Dcc 2012 slides matching treatments


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Matching Treatments to Preferences: An update on palliative care in Delaware

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  • One of the most important goals of hospice and palliative care is to align care with patients’ wishes. If you want to stay at home, you need a plan. Chances are, if you don’t have hospice in place, you’ll end up calling 911, and you’ll end up in the hospital.
  • HPNA’S POLICY PRIORITIESEmpowering Patient’s Treatment Choices—Informed Consent requires accurate information about prognosis and options,
  • If you want to be effective when you have these conversations with your patients, the first step it having them with your own family. Tears. Non medical. Telling who you are, what you value (praying, eating, outdoors, social interaction, reading, keeping up with news, laughing, etc.)
  • Hospice is a subset of palliative care. All Hospice is Palliative Care, but not all Palliative Care is Hospice.
  • P.C is an evolving specialty—it fills in the gaps of traditional medical care.
  • From Diane Meier
  • NEJM Nov. 2012 Medical decisions should be based on medical considerations, not perverse financial incentives—ex. Skilled days, giving up curative treatments
  • http://wp.advancednflstats.com/nflarchive.php?year=2010&team=PIT&gameid=55161 At this website, you can move your cursor over the yellow line and see what event happened in the game which make the win probability fluctuate. A football game is an unbelievably complex situation with chaos and rules and parts that are manageable and parts that are unexpected, just like the rest of life, or weather which contrary to common wisdom has greatly increased predictive ability.
  • Dcc 2012 slides matching treatments

    1. 1. MATCHING TREATMENTS TO PATIENTS’ GOALSAn Update on Palliative Care in Delaware Sheila Grant, BSN, RN, CHPN Community Liaison Heartland Hospice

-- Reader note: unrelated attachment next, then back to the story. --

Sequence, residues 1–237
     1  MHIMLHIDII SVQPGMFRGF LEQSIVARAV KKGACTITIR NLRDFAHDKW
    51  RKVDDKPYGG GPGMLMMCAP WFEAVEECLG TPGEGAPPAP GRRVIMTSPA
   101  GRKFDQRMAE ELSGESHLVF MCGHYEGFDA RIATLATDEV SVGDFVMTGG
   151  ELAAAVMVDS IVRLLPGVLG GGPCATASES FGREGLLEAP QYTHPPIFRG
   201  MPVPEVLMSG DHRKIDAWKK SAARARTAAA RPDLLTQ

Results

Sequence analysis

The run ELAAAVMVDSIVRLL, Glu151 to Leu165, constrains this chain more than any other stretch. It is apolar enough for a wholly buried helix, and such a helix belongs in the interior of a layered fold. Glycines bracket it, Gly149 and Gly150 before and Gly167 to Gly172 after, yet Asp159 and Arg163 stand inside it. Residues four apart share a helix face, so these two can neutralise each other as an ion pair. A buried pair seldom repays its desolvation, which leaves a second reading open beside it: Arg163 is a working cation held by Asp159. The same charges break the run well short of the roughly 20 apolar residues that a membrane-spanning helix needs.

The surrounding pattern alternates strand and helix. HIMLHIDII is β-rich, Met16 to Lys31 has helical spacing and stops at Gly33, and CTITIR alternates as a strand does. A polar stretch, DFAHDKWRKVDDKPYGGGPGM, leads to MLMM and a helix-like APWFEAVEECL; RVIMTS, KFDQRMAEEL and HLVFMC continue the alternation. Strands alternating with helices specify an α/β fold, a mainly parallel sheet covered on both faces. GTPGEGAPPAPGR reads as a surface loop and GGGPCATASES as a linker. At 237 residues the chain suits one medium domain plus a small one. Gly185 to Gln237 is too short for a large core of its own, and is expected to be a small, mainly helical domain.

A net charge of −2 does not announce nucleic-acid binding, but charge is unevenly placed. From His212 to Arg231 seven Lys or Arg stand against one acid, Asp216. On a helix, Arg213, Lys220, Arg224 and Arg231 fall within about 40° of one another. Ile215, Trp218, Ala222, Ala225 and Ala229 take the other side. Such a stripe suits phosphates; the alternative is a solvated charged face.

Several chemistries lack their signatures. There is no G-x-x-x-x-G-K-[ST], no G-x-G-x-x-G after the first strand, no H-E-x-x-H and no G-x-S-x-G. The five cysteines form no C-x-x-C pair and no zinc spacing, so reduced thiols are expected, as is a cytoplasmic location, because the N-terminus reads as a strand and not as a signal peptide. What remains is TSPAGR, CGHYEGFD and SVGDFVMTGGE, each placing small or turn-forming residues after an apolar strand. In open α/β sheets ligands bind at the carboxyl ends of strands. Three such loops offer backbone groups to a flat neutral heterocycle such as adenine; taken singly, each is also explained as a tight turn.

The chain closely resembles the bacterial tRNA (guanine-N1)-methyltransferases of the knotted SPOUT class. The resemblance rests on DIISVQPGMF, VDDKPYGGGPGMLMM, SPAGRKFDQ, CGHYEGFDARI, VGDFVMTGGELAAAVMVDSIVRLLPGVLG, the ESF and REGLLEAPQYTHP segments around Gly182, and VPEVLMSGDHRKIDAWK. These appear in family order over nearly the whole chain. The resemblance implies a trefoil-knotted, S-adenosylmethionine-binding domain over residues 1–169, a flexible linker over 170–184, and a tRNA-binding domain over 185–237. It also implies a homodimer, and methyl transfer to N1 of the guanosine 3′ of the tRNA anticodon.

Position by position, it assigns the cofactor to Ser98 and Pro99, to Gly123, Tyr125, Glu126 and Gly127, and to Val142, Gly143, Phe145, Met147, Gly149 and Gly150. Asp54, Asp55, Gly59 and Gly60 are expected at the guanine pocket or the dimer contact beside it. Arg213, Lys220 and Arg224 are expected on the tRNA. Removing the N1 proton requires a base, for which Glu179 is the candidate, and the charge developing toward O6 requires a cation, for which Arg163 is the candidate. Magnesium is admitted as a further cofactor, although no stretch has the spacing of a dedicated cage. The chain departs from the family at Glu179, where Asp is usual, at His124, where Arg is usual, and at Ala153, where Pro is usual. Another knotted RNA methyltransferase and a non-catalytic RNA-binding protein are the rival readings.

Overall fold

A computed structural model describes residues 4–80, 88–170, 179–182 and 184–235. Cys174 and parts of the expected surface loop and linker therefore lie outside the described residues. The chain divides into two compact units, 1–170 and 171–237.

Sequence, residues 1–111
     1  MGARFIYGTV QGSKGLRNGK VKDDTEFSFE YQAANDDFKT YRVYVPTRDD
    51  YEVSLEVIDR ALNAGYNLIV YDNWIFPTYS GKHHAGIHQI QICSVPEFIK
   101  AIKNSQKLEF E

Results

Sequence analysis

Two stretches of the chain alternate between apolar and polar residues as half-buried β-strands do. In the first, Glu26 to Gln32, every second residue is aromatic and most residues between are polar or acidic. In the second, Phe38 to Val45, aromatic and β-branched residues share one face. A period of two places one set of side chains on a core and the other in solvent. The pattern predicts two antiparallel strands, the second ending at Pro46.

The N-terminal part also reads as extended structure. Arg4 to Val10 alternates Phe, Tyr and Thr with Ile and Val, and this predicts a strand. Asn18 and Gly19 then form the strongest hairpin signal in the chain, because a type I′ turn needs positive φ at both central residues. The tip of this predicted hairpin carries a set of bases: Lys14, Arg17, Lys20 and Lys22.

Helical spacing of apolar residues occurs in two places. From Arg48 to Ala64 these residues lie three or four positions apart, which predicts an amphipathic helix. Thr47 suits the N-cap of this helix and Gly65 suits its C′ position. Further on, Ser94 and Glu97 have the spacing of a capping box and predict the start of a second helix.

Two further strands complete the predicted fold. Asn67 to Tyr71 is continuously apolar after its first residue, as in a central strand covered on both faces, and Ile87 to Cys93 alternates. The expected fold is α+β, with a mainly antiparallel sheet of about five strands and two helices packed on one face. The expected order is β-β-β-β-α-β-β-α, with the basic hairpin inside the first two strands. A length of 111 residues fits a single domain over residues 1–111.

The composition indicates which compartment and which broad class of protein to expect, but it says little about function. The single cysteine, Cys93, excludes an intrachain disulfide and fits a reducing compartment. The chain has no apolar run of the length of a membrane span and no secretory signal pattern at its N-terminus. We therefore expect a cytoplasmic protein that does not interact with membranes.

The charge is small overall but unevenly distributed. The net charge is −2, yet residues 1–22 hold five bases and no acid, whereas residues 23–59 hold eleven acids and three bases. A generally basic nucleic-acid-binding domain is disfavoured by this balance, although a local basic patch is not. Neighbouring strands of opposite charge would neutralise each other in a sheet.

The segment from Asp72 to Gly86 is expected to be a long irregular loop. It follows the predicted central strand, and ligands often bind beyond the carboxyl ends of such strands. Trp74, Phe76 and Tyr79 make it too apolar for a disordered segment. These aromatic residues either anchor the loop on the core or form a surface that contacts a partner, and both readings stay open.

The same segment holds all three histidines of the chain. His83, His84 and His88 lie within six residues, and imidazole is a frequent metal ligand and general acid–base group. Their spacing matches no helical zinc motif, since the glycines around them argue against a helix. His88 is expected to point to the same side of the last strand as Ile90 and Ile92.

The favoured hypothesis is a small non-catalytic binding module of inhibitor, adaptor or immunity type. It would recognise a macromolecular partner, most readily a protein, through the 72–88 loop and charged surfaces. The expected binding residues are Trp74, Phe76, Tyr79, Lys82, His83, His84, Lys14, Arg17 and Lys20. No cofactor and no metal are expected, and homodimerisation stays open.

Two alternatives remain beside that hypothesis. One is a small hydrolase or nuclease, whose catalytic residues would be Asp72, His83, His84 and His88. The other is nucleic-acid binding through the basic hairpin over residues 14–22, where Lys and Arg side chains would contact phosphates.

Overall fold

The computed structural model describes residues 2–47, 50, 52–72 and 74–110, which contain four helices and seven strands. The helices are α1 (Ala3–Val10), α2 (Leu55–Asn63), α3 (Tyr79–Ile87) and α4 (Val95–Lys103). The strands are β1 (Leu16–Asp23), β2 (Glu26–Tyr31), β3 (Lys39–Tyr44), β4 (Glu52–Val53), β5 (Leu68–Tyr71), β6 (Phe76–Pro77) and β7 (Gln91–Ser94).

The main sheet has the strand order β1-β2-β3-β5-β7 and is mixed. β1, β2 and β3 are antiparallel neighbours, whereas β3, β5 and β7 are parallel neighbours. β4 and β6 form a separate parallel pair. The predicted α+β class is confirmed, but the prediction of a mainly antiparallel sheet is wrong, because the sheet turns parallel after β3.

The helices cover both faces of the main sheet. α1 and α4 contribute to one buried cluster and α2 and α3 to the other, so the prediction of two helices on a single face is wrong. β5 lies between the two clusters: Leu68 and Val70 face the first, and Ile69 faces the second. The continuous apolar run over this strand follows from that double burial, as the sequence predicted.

2. 2. DISCLOSURESI work as a Community Liaison for Heartland Hospice, Homecare & I.V.
    3. 3. OBJECTIVES1. Participants will understand the difference between palliative care and hospice and the current efforts to re-design hospice to break down barriers to care.2. Participants will be able to list the palliative care programs available to Delaware patients in hospital, home care, and long-term-care settings.3. Participants will be able to explain the successes and the needs for expansion and improvement in palliative care in Delaware.4. Participants will know the benefits of the Delaware Medical Orders for Life-Sustaining Treatment, where to download copies of the form, and know how to use it in practice.
    4. 4. WHEN THE TIME COMES . . .Most people say they want But 75% die in a hospital or nursing home to die at home If you want to stay home, you need a plan. Palliative care helps match treatments to preferences. Source: Means to a Better End, Robert Wood Johnson Foundation, 2002.
    6. 6. EMPOWERING PATIENT’S TREATMENT CHOICES— INFORMED CONSENT = ACCURATE INFORMATION ABOUTPROGNOSIS AND OPTIONS, INCLUDING PALLIATIVE CARE AND HOSPICE. Health System Efforts Legislative Efforts CA, PA, WV Launched initiatives to improve communication about prognosis and treatments options between doctors and patients. NY  Passed legislation requiring physicians to discuss palliative options with terminally ill patients
    7. 7. Joint Commission—New Speak UP Initiative features Palliative Care— jointcommission.org/speakup.aspx
    10. 10. WHAT’S THE DIFFERENCE?Palliative Care•Provided by an interdisciplinary team of specialists•Focused on quality of life by relieving: Hospice Palliative care in the •pain last 6 months of life, •symptoms after curative •stress of serious illness treatments stop•Provided at any stage of an illness, along withcurative treatment Palliative Care is provided “further upstream” from hospice.
    11. 11. HOSPICE & PALLIATIVE CARESame Different Patients  Timeframe Goals  Reimbursement method Knowledge base  Setting (maybe) Interdisciplinary team
    12. 12. HOW DO HOSPICE & PALLIATIVE CARE FIT TOGETHER IN THE CONTINUUM OF CARE? Hospice Care About 6 About 13 mos. Period of living with illness mos.Diagnosi Deaths
    13. 13. WHEN THE MEDICARE HOSPICEBENEFIT WAS CREATED, BACK IN 1982, Eligibility requirements were put in place to limit costs, not because they made sense, clinically. 1. 6 mo. Prognosis 2. No Curative Treatments allowed Didn’t foresee the explosion of eol care costs Small studies have found that hospice care does not increase costs at end of life. (Aetna) ACA authorized demo projects for concurrent care (no funding, yet).